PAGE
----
The man who owns the sign hanging from two totem poles off Highway 16 near Terrace says he’s sorry and it was an unintentional mistake.
Wishing not to be identified due to threats left on his answering machine, he says the two poles were inherited from the previous property owner and were always used as signposts.
He says he simply replaced the old sign with his own in its place, without meaning to hurt or upset anyone.
He adds that he was unaware of how significant totem poles are to First Nations people, and despite having many First Nations friends, no one warned him not to put up his sign.
He says his business sign will stay up, but not on the totem poles, or what can be construed as totem poles.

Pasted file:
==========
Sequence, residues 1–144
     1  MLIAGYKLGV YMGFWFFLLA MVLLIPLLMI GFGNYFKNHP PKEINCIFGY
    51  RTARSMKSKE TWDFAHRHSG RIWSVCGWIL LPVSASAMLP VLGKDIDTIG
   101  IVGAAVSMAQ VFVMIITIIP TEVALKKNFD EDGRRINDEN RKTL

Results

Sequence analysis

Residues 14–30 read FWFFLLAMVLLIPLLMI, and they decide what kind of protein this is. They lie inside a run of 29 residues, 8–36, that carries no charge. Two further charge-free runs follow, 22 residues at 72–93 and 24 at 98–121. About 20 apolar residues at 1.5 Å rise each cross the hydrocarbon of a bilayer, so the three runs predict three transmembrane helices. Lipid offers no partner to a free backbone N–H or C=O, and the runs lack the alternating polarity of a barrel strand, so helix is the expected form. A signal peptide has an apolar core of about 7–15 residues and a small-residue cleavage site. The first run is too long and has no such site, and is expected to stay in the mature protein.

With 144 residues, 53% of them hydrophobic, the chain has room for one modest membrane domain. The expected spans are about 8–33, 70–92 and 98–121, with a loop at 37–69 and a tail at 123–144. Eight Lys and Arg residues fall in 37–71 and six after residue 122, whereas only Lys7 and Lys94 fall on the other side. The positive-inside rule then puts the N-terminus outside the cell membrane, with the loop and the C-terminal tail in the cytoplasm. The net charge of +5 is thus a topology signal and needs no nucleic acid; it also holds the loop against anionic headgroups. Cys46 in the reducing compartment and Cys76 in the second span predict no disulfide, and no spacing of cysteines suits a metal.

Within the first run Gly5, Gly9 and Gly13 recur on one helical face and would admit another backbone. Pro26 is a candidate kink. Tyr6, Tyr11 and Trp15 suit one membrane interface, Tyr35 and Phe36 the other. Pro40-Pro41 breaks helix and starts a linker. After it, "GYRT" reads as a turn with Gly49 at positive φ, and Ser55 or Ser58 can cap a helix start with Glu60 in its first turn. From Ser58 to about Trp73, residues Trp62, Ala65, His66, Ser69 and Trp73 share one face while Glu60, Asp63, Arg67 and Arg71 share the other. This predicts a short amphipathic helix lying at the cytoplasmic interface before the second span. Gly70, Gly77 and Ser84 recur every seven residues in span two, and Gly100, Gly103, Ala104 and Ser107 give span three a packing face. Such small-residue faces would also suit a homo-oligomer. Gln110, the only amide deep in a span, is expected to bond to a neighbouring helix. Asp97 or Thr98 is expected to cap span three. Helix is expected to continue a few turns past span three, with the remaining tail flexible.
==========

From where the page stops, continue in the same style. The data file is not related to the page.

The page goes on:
But before he takes any action, he says he will contact the Kitselas Band Office to get guidance on how he should deal with the poles, regardless of their origin.
He hopes this will show his good faith and his sincerity that he didn’t mean to offend or be disrespectful.
Tara Motz says her father was the former owner of the Desiderata Inn and Plaza, and that he was a craftsman with a flair for art, and that he carved the two totem poles with a chainsaw.
Update: The owner of the business says he has made several phone calls and left messages to local carvers and band officials, and is now waiting for their reply.